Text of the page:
"It raises the possibility that maybe this is not going to be as bad as some people were fearing," he told CNN.
But "that doesn't mean it's not bad at all".
"The caveat is that South Africa has a younger population," he said.
Younger people have been less likely to develop severe disease from COVID-19, which has killed 5.2 million people globally, more than 2000 in Australia and 789,000 in the United States alone, according to Johns Hopkins University.
But more people are vaccinated in the US and Australia than are in South Africa. Studies of vaccines against Omicron are underway.
"I think it is pretty easy to say if you are fully vaccinated, the breakthrough you get with Omicron is going to be milder," Dr Adalja said.
"Even if this gets around some of our vaccine-induced protection, it is not an all-or-done effect."
And it's becoming evident that Omicron is highly transmissible.
"Over the last week, the number of daily infections has increased five-fold," South African President Cyril Ramaphosa said in a weekly newsletter on Monday.
The rate of positive COVID-19 tests in South Africa has jumped by 24 per cent since the Omicron variant was detected two weeks ago, according to the latest data from the South African National Institute for Communicable Diseases.
A virus that is more transmissible while causing milder disease is just what scientists would expect to see in something that was evolving to become more like other common cold viruses.
"Those of us who know that this is going to be an endemic respiratory virus have been waiting to understand what the virus does in order to become more like its other family members that cause about 25 per cent of our common colds," Adalja said.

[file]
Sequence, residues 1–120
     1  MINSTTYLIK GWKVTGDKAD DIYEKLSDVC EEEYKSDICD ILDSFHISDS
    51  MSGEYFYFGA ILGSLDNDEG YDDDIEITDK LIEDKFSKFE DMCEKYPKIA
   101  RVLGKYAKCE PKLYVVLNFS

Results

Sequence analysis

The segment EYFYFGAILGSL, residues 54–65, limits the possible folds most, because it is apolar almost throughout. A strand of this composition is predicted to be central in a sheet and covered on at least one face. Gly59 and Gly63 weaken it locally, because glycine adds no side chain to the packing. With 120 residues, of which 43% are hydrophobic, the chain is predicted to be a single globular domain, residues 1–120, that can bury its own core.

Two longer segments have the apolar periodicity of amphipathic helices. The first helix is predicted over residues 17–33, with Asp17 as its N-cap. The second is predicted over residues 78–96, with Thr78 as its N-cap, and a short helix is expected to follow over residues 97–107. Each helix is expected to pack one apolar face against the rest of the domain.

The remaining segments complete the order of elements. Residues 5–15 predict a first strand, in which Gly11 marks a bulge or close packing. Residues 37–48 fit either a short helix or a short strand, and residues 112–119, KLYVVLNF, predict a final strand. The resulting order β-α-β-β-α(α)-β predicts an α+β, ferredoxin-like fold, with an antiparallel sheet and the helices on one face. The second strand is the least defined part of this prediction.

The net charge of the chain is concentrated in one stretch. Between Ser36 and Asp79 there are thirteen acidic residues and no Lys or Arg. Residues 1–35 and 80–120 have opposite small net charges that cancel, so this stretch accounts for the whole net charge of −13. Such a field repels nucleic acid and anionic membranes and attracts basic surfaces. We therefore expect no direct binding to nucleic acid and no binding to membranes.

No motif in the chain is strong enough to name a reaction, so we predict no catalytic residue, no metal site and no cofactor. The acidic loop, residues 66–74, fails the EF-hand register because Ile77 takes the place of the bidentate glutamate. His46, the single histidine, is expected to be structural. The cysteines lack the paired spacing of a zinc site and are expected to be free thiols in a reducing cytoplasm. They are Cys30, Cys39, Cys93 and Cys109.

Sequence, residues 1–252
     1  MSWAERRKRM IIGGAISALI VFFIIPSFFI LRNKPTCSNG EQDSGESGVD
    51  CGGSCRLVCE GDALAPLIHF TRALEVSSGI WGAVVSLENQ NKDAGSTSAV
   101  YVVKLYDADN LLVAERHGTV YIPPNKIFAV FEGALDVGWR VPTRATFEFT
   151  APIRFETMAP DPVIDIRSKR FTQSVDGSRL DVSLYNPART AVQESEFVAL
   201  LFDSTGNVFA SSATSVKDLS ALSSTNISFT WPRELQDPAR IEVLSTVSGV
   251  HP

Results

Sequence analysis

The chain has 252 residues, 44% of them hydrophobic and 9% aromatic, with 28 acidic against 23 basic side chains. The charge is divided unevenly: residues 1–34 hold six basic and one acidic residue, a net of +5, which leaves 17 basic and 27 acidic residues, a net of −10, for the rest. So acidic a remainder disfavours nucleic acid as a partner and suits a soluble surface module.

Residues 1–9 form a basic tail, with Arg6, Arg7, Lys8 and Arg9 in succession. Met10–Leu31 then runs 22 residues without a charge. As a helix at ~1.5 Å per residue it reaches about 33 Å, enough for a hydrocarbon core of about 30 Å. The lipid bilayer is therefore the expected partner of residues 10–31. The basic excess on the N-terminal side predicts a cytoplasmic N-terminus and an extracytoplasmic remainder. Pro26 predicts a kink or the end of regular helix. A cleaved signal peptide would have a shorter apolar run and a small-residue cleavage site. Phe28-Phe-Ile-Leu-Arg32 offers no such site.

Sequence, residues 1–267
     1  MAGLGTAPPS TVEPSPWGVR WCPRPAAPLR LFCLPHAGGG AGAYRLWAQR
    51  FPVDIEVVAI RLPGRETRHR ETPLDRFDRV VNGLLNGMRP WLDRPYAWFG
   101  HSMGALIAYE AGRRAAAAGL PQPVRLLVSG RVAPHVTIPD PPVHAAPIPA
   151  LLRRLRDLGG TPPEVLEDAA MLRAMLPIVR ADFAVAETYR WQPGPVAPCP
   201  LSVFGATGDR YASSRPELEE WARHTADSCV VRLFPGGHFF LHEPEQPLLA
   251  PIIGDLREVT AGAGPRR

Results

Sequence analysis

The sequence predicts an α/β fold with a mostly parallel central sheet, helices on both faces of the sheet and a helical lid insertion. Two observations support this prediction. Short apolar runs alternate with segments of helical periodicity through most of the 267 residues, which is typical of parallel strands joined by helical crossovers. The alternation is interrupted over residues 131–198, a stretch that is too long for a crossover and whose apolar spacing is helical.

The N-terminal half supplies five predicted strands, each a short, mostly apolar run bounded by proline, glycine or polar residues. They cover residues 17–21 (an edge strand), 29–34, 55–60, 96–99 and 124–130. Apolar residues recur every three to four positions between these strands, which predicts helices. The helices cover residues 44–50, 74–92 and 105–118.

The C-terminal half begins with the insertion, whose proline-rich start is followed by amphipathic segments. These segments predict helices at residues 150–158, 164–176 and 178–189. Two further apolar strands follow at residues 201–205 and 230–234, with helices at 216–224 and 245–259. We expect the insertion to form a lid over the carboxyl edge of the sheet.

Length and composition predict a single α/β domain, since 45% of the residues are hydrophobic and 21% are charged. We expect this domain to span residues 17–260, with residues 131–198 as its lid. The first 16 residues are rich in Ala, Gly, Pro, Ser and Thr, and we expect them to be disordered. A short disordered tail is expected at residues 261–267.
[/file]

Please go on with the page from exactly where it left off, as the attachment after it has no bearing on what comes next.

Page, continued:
"So people are on the lookout for those changes. And maybe this is that — maybe it's not."
'The old enemy' Delta remains dominant
Plus it's not clear Omicron can out-compete Delta in countries like the United States, said Johns Hopkins' Dr Crystal Watson.
"Even if we do have good protection against severe illness and death from vaccines, a big surge in Omicron could still be dangerous if it is highly transmissible," said Dr Watson, a senior associate at the Johns Hopkins Centre for Health Security.
"High numbers can still mean many people in the hospital," she said.
"There will be some people, a large enough population to create stress on the healthcare system, who will not be as protected by vaccination or from prior infection."
That could lead to more pressure on already stressed hospitals.
"Our health care system is just so fragile right now," Dr Watson said.
"We have lost a lot of staff, and people are really exhausted. The system itself is depleted."
That's the same around the world, noted Francois Balloux, director of the University College London Genetics Institute.
"Early, largely anecdotal evidence suggests Omicron may be less virulent than Delta. This would be good news if confirmed, in principle," Professor Balloux said in a statement.
"It remains that even if Omicron infections were associated to fewer hospitalisations and deaths, a small fraction of severe outcomes out of a very large number of infections could still cause intense pressure on health care systems."
And Dr Schaffner is worried that unvaccinated people may take reports of a milder variant as a reason to continue to put off vaccination.
"While we are preoccupied and fascinated by Omicron, Delta, the old enemy of the summer is still here causing damage," he said.
"We have all got to be vaccinated. All this enchantment with Omicron is not an excuse to not get vaccinated."